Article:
Projected population by generationMillennials have surpassed Baby Boomers as the nation’s largest living adult generation, according to population estimates from the U.S. Census Bureau. As of July 1, 2019 (the latest date for which population estimates are available), Millennials, whom we define as ages 23 to 38 in 2019, numbered 72.1 million, and Boomers (ages 55 to 73) numbered 71.6 million. Generation X (ages 39 to 54) numbered 65.2 million and is projected to pass the Boomers in population by 2028.

The Millennial generation continues to grow as young immigrants expand its ranks. Boomers – whose generation was defined by the boom in U.S. births following World War II – are aging and their numbers shrinking in size The generations definedas the number of deaths among them exceeds the number of older immigrants arriving in the country.

Because generations are analytical constructs, it takes time for popular and expert consensus to develop as to the precise boundaries that demarcate one generation from another. In early 2018, Pew Research Center assessed demographic, labor market, attitudinal and behavioral measures to establish an endpoint – albeit inexact – for the Millennial generation. Under this updated definition, the youngest “Millennial” was born in 1996.

Here’s a look at some generational projections.

Population figures for 2019 and earlier years are based on Census Bureau population estimates (2019 vintage and available by single year of age).  Population sizes for 2020 to 2050 are based on Census Bureau population projections released in 2017 (and also available by single year of age).  Live births by year are published by the National Vital Statistics System of the National Center for Health Statistics.

This post was originally published on Jan. 16, 2015, under the title “This year, Millennials will overtake Baby Boomers.” It was updated April 25, 2016, to reflect the changing population, under the headline “Millennials overtake Baby Boomers as America’s largest generation” This reflected the Center’s definition of Millennials at the time (born between 1981 and 1997).

A third revision published March 1, 2018, reflected the Center’s newly revised definition, under which Millennial births end in 1996. Under that new definition, the Millennial population was smaller than that of Boomers, resulting in the headline “Millennials projected to overtake Baby Boomers as America’s largest generation.”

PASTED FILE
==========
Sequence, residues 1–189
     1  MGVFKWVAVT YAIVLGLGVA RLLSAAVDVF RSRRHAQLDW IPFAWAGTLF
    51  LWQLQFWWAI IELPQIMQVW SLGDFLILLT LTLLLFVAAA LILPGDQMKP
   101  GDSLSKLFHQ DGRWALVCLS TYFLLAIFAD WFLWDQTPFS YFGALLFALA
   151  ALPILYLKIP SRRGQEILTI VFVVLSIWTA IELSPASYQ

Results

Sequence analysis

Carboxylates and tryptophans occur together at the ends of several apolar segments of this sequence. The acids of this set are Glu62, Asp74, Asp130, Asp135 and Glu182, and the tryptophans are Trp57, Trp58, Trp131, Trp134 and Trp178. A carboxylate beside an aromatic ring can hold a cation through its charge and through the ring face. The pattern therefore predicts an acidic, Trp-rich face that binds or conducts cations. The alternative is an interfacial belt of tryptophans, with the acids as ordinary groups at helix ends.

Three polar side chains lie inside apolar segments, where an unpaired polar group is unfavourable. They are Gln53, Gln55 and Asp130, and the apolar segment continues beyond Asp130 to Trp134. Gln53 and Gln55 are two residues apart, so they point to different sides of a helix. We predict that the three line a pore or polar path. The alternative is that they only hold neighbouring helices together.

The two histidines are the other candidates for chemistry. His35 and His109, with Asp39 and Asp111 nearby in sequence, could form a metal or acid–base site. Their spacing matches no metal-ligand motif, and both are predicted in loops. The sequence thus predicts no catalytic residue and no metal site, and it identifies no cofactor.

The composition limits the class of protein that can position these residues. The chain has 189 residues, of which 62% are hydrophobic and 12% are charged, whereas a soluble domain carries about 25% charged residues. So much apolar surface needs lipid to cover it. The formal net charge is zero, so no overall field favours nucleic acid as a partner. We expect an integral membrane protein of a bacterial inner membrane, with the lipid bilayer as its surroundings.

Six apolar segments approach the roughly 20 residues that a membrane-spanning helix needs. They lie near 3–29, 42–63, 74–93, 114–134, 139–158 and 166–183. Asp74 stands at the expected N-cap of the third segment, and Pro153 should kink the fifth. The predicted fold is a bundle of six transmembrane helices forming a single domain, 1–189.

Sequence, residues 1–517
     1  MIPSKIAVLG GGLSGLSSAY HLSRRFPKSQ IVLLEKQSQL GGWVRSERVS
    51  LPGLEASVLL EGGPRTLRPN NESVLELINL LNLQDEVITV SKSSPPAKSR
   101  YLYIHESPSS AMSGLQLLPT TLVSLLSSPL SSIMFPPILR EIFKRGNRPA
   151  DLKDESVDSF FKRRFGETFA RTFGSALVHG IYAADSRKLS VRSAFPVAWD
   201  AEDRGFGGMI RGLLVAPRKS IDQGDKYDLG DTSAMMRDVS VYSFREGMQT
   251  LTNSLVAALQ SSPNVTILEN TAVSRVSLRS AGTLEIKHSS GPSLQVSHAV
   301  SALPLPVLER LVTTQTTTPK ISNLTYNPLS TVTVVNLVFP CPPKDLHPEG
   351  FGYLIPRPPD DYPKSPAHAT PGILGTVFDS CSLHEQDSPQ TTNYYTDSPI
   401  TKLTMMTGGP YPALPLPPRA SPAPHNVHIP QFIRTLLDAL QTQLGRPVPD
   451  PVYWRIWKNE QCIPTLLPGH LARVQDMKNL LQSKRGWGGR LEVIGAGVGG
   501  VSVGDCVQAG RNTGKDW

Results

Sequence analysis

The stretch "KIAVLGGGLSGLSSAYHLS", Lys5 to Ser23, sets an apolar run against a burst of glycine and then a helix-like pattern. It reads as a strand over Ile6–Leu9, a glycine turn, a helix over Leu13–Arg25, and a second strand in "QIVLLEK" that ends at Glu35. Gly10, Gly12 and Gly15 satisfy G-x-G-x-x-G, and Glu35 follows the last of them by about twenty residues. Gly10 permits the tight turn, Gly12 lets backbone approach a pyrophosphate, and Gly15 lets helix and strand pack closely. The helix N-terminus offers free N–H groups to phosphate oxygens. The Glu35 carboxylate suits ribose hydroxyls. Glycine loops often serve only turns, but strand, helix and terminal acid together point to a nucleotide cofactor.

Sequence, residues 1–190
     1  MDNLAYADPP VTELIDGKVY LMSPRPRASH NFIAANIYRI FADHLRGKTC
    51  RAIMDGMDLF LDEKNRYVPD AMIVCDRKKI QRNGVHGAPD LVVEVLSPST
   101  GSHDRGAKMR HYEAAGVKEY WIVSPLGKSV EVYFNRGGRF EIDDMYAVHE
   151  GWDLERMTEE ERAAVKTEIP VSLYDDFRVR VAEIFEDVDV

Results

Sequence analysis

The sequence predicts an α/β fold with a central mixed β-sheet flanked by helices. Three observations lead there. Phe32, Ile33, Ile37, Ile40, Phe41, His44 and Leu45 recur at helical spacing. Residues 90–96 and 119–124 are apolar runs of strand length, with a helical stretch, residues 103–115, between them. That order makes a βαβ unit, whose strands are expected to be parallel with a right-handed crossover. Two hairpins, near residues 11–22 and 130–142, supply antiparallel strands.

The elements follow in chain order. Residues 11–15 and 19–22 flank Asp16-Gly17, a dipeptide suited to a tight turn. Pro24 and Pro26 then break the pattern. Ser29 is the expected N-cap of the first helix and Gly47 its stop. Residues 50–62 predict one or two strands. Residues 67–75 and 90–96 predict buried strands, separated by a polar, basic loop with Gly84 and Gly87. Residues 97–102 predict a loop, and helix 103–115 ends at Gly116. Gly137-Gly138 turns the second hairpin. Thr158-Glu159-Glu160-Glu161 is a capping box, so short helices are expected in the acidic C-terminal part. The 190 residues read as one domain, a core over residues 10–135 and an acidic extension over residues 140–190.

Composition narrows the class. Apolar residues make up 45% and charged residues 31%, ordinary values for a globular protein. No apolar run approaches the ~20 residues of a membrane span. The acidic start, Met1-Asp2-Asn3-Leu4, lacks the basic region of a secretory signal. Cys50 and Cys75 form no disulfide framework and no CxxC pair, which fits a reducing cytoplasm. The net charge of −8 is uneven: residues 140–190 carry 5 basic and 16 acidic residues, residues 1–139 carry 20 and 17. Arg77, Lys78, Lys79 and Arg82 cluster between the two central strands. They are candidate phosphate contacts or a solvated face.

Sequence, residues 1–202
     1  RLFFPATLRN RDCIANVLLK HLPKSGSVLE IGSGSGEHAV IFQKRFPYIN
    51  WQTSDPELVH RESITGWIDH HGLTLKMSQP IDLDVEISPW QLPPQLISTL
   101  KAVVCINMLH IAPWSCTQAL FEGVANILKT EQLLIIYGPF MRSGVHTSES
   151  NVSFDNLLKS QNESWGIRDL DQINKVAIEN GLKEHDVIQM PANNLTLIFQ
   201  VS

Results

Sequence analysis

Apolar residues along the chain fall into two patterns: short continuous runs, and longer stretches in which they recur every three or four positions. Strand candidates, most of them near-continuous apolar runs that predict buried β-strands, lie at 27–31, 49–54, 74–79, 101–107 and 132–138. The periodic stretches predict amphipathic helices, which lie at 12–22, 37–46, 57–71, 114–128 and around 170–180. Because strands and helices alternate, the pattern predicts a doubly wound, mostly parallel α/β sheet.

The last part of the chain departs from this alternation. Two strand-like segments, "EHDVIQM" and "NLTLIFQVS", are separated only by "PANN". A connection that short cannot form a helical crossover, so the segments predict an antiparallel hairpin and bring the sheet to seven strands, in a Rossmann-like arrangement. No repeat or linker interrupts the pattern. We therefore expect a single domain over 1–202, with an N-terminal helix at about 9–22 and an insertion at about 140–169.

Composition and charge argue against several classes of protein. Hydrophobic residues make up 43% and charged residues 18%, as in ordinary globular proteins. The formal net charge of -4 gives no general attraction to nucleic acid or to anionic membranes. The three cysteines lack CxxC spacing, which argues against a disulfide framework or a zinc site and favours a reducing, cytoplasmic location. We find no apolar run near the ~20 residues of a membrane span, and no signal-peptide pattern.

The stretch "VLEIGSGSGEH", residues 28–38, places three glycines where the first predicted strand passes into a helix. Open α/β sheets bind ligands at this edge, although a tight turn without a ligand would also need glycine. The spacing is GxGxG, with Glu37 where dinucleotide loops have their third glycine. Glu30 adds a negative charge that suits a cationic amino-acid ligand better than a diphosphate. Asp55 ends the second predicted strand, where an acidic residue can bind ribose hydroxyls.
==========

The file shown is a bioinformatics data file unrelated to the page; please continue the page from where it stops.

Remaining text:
This latest revision reflects the newly available July 1, 2019, population estimates released in April 2020, as well as new Census Bureau population projections released in 2017. Under these estimates, Millennials have overtaken Boomers under the Center’s revised definition.

Millennials

  • With immigration adding more numbers to this group than any other, the Millennial population is projected to peak in 2033, at 74.9 million. Thereafter, the oldest Millennial will be at least 52 years of age and mortality is projected to outweigh net immigration. By 2050 there will be a projected 72.2 million Millennials.
Births underlying each generation

Generation X

  • For a few more years, Gen Xers are projected to remain the “middle child” of generations – caught between two larger generations, the Millennials and the Boomers. Gen Xers were born during a period when Americans were having fewer children than in later decades. When Gen Xers were born, births averaged around 3.4 million per year, compared with the 3.9 million annual rate from 1981 to 1996 when the Millennials were born.
  • Gen Xers are projected to outnumber Boomers in 2028, when there will be 63.9 million Gen Xers and 62.9 million Boomers. The Census Bureau estimates that the Gen X population peaked at 65.6 million in 2015.

Baby Boomers

  • Baby Boomers have always had an outsize presence compared with other generations. They peaked at 78.8 million in 1999 and remained the largest living adult generation until 2019.
  • By midcentury, the Boomer population is projected to dwindle to 16.2 million.

Note: This is an update of a post originally published on Jan. 16, 2015. See the “How we did this” box for details.